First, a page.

Order of years
Who the heck puts the future first and past last in a graph? So we get confused on the trend? Or is it made for people reading right to left?
In its inaugural Voice of the Enterprise: Storage Study, 451 Research forecasts public cloud storage spend to double in two years – with NetApp, HPE and IBM falling down the supplier rankings as Amazon's AWS and Microsoft's Azure bulldoze their way in. We have seen a copy of the report: 451 asked its enterprise research base “ …
It's sad to think that the forward thinking of their customers that put NetApp into customers is the same thing that will kick them out. An environment with NetApp felt like the future for the last few years (compared to other SAN) but cloud is making it feel like the past. That said, NetApp "in the cloud" is a great solution for larger enterprise to get around the various shortcomings of AWS and Azure for a few years.
Cloud solutions, specifically software as a service are very obviously the future of most software for most people. These will fairly obviously be running on PaaS or IaaS from AWS or Azure due to the PAYG cost model which allows them to sell SaaS on a PAYG model.
There is no room for NetApp in this model or any other storage vendor. Sure, there will be niche solutions which need storage but these probably won't justify the cleverness.
As for right now, NetApp solutions when properly implemented make other SAN vendors look very 90s with their automation and integrated recovery shenanigans. That's why Microsoft and VMware love them so much too because they make private cloud look good.
This post has been deleted by its author
This seems like a fairly pointless study to me. But assuming there is any relevance, isn't it a bigger issue for a vendor to be dropping significantly in terms of %, rather than dropping their position in a list. Look at HPE for example, barely drops in terms of % yet is highlighted because it slips down the list? EMC are still leading but have a much larger proportional drop. To me that's a bigger issue. Although will add that I think this whole study is a bit of a nonsense.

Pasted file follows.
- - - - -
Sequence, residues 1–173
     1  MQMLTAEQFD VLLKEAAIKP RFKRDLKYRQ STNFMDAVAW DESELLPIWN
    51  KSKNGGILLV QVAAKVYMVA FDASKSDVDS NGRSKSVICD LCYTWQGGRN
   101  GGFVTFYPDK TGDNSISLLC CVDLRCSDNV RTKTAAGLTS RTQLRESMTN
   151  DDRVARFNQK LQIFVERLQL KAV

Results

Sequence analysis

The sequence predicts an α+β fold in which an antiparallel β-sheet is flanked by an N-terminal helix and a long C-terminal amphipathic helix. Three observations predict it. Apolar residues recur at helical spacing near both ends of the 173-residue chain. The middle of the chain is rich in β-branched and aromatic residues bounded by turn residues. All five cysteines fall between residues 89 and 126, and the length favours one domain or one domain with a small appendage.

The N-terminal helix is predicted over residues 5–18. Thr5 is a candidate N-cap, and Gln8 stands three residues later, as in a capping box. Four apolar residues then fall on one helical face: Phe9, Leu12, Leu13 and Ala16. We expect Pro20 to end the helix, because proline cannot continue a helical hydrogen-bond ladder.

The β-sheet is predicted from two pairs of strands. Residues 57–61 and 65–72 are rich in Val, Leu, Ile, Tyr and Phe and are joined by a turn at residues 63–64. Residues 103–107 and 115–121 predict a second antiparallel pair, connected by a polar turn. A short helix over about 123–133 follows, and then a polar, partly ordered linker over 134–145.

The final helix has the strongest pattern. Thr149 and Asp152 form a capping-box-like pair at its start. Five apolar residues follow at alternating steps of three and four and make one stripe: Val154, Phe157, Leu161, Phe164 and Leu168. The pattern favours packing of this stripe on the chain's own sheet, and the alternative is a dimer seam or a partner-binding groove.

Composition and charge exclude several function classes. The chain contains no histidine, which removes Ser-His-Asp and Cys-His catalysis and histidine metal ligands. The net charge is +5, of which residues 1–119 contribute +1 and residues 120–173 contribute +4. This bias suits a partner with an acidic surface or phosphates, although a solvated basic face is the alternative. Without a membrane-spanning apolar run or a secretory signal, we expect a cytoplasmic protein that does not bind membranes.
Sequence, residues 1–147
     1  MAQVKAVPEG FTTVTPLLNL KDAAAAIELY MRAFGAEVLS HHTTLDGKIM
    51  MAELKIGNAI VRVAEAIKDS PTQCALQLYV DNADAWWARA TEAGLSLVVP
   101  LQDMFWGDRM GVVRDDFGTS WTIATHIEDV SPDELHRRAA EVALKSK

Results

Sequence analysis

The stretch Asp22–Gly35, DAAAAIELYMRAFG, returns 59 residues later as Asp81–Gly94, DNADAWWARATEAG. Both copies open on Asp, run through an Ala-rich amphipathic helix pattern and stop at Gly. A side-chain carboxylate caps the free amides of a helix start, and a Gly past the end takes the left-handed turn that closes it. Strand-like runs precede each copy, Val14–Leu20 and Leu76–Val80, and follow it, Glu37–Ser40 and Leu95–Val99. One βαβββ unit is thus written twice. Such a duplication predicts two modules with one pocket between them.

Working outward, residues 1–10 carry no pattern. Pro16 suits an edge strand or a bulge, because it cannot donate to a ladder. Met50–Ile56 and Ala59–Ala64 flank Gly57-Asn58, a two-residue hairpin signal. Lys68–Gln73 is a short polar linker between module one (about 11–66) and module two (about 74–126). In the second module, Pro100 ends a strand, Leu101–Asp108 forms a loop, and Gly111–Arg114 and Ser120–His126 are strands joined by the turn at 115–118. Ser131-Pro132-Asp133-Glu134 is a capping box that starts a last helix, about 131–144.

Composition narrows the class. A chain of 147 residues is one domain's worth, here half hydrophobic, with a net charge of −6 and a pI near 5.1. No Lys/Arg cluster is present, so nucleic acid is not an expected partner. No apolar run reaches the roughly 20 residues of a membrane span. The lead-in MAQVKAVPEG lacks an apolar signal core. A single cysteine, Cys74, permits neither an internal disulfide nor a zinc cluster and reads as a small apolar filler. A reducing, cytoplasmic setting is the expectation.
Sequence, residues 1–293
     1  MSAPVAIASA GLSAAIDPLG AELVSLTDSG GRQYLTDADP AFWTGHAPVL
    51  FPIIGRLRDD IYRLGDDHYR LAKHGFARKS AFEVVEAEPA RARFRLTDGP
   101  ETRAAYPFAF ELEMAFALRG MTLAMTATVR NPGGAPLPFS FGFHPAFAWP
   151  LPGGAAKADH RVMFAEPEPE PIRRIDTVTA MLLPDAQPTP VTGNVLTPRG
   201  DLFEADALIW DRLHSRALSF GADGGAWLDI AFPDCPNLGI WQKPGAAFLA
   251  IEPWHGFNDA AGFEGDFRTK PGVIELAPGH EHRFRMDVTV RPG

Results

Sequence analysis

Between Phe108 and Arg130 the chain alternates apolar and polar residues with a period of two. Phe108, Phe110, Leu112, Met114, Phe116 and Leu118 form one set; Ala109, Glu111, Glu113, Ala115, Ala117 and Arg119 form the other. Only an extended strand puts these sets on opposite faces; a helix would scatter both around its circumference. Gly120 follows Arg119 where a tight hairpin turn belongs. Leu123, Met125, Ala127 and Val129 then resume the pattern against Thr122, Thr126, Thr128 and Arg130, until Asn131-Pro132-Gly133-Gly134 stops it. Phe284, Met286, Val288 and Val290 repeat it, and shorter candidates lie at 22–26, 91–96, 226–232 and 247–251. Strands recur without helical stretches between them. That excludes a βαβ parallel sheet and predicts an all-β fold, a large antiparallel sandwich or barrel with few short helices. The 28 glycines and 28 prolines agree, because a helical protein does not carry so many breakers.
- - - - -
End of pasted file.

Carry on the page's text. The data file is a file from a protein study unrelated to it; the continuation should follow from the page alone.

Relatively pointless it seems. Bit unfair pulling out HPE as the casualty in 'placing', when you look at the (backwards!) graphs you can see that they actually survive best of all the vendors in terms of %age drop. No doubt down to the all flash 3PAR still being needed for the top tier local stuff.
Don't rule out local object as a disruptor either. I'm seeing solutions at the large-scale end that are better priced than current cloud storage offerings.
Shipping lots of something doesn't mean it's in widespread use. I'm aware of several service providers using 3Par who no doubt bought oodles of the stuff. This means there could be 30 customers each with a large install - statistics lie all the time and shipping reports even more so. I am indeed talking about enterprise customers with proper data centres, and almost none of them have 3Par. Don't feel bad though, only one of them had Compellent and that was being replaced so 3Par definitely seems more popular than that.
Please bear in mind that because you work for HPE you will tend to see more customers with 3Par than us vendor neutral bods who see a cross section of SAN customers from various verticals, and as I said it's very rare to see a 3Par in the wild.
"Shipping lots of something doesn't mean it's in widespread use"
Tell that to EMC & Netapp, yes there will always be legacy kit hanging around the data centre after all, those vendors have been shipping the same kit for 20+ years. Basing your argument on counting badges alone is reaching a conclusion based on the past and doesn't reflect the present which is an ever growing market share for 3PAR.